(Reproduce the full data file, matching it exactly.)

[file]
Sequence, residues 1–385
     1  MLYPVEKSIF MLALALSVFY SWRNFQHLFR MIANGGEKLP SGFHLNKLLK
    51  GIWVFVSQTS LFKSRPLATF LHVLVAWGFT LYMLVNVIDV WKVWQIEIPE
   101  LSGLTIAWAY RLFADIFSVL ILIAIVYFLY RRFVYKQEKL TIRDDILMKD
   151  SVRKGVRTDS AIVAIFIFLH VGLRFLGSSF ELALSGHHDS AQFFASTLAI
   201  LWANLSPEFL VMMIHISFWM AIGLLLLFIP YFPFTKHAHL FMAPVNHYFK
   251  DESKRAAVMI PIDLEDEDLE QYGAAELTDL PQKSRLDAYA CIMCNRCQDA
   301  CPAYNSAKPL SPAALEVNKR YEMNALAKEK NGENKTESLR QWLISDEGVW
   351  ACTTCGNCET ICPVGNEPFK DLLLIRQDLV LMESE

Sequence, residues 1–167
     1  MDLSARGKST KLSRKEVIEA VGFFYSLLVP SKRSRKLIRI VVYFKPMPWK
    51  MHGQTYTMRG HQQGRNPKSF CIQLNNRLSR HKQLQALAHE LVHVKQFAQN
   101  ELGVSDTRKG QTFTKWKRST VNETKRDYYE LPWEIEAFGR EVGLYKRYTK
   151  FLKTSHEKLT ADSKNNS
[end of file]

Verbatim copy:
Sequence, residues 1–385
     1  MLYPVEKSIF MLALALSVFY SWRNFQHLFR MIANGGEKLP SGFHLNKLLK
    51  GIWVFVSQTS LFKSRPLATF LHVLVAWGFT LYMLVNVIDV WKVWQIEIPE
   101  LSGLTIAWAY RLFADIFSVL ILIAIVYFLY RRFVYKQEKL TIRDDILMKD
   151  SVRKGVRTDS AIVAIFIFLH VGLRFLGSSF ELALSGHHDS AQFFASTLAI
   201  LWANLSPEFL VMMIHISFWM AIGLLLLFIP YFPFTKHAHL FMAPVNHYFK
   251  DESKRAAVMI PIDLEDEDLE QYGAAELTDL PQKSRLDAYA CIMCNRCQDA
   301  CPAYNSAKPL SPAALEVNKR YEMNALAKEK NGENKTESLR QWLISDEGVW
   351  ACTTCGNCET ICPVGNEPFK DLLLIRQDLV LMESE

Sequence, residues 1–167
     1  MDLSARGKST KLSRKEVIEA VGFFYSLLVP SKRSRKLIRI VVYFKPMPWK
    51  MHGQTYTMRG HQQGRNPKSF CIQLNNRLSR HKQLQALAHE LVHVKQFAQN
   101  ELGVSDTRKG QTFTKWKRST VNETKRDYYE LPWEIEAFGR EVGLYKRYTK
   151  FLKTSHEKLT ADSKNNS